The patents describe the discovery of monoterpenes as a solvent for CoQ10. '072 patent, col. 1, 11. 62-64; id., col. 2, 11. 46-48; see also id., col. 3, 11. 24-26. Monoterpenes are a class of compounds that have a ten-carbon skeleton and consist of "two isoprene units connected in a head-to-end manner." Id., col. 3, 11. 31-34. "Suitable examples of monoterpenes include, but are not limited to, limonene, . . . carvone, . . . and derivatives thereof." Id., col. 3, 11. 49-53; see also id., col. 3, 11. 59-63 (listing, "[i]n particular, " a number of "suitable limonene derivatives").

         Unlike aqueous solvents, monoterpenes can dissolve significant amounts of CoQ10. "Generally, about 30 to about 45% of the CoQ-10 (by weight [relative to that of the monoterpene]) is solubilized [dissolved] in the monoterpene." '072 patent, col. 2, 11. 11-12; see also, e.g., id., col. 2, line 65, through col. 3, line 11 (noting that up to about 60% by weight of CoQ10 may be dissolved in monoterpene, and describing other "aspects" of the invention in which the weight of solubilized CoQ10 relative to monoterpene is "about 0.1 percent ... to about 45 percent, " "about 5 to about 50 percent, " "about 15 to about 40 percent, " and "about 20 to about 35 percent"). The solution of CoQ10 dissolved in monoterpene may then be formulated as a caplet or soft gelatin capsule containing the solution. Id., col. 3, line 64, through col. 4, line 1. Formulations of that solution of CoQ10 dissolved in a monoterpene "provid[e] increased bioavailability in delivery, " id., col. 1, 11. 10-12, because "the solvated [dissolved] coenzyme can more easily pass into cells[, ] . . . delivering increased amounts of the coenzyme into an individual's physiological makeup, " '583 patent, col. 7, 11. 4-7.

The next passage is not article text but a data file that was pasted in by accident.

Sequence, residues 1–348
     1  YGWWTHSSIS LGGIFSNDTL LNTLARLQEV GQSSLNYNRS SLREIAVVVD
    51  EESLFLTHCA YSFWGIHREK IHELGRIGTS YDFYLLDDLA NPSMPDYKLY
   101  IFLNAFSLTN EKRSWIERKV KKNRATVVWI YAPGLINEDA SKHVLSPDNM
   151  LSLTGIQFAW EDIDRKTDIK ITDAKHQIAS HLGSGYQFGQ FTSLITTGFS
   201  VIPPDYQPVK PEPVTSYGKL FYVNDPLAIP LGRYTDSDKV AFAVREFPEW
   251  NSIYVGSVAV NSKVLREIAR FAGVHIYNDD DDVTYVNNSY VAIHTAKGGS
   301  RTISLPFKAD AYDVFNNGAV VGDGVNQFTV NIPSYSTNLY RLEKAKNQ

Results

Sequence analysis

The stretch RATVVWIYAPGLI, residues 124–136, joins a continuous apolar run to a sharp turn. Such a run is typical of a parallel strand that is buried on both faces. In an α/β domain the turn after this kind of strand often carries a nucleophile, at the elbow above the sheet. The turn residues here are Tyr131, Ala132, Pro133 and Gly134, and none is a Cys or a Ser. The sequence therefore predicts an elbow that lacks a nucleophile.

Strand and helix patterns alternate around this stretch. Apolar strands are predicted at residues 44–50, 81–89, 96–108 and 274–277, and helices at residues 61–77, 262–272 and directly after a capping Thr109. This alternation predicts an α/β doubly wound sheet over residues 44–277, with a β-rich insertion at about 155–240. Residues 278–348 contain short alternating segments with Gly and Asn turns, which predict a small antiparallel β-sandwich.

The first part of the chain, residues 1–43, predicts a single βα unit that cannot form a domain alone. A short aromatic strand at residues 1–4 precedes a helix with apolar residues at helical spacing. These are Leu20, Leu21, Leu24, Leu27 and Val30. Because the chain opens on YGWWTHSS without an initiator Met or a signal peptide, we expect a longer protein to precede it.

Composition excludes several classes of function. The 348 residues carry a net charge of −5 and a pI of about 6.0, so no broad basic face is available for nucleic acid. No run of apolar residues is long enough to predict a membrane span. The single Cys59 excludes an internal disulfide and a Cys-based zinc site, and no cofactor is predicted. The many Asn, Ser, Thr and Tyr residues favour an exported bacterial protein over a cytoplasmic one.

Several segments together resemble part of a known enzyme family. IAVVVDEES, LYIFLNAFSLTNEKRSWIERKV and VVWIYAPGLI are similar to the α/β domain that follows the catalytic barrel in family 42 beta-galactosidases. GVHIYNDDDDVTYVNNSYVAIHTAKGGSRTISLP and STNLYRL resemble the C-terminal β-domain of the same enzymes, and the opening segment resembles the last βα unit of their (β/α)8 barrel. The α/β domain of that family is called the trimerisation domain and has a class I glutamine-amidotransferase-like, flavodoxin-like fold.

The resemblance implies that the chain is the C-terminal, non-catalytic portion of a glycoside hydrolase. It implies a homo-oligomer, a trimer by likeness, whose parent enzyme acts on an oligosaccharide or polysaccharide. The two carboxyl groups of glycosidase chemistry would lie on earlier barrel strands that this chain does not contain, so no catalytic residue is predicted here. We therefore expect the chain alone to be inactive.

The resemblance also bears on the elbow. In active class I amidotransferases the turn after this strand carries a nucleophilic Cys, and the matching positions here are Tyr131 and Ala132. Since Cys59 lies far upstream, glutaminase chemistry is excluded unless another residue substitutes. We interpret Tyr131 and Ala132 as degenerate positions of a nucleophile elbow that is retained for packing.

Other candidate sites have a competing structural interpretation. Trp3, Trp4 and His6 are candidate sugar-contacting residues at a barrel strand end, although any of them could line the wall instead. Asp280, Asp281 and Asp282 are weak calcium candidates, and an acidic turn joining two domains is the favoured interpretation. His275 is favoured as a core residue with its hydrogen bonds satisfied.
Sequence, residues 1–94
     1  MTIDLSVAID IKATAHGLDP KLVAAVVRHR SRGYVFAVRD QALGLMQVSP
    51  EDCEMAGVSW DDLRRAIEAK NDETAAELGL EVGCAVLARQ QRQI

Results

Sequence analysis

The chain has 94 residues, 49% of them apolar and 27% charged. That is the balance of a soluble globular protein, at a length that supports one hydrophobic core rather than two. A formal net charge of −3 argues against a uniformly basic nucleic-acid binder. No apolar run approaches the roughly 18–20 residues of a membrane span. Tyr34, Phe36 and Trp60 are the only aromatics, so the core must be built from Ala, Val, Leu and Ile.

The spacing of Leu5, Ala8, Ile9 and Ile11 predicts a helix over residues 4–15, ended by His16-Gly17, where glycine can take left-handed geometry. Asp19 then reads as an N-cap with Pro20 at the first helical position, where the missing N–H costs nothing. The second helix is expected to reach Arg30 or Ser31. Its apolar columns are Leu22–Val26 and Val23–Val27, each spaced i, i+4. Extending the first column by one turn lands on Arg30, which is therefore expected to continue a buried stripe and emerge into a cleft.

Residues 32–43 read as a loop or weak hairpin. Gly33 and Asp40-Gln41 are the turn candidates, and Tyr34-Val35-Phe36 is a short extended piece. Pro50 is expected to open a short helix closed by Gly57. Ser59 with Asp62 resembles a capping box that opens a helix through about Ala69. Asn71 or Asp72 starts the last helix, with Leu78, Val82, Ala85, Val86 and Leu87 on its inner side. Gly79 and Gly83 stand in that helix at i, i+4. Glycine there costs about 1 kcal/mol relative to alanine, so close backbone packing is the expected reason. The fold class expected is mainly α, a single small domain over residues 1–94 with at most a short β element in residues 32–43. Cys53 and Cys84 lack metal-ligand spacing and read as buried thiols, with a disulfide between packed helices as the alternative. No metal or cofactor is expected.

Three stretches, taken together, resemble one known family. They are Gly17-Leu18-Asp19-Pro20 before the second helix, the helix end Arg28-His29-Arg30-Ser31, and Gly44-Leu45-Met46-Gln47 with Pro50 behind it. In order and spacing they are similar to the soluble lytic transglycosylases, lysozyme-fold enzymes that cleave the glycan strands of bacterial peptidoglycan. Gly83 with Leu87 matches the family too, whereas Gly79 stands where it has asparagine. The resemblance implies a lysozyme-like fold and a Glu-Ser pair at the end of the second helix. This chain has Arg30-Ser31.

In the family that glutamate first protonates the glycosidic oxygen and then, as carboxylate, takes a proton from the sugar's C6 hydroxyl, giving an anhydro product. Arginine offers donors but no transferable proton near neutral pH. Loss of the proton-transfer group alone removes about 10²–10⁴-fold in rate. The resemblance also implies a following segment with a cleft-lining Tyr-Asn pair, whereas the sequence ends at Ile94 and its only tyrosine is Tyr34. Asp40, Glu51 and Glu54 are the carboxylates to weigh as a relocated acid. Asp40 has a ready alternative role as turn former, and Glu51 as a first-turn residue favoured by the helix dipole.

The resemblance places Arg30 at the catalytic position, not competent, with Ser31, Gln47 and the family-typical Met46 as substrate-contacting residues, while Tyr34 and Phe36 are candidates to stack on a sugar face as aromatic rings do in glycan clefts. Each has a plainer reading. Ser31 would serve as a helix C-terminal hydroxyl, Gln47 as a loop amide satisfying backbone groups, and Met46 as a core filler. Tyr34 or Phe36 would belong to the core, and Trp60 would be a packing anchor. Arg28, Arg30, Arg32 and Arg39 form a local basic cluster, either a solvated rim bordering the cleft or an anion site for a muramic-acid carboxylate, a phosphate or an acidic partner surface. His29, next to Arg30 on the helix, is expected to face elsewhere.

The claims of the Soft Gel patents focus on solutions of CoQ10 and a monoterpene called limonene. Limonene is a compound that can have one of two different three-dimensional physical structures, labeled d-limonene and 1-limonene. The claims of the three Soft Gel patents were amended to cover only solutions of CoQ10 and d-limonene.

         Claim 1 of each patent is representative for purposes of ...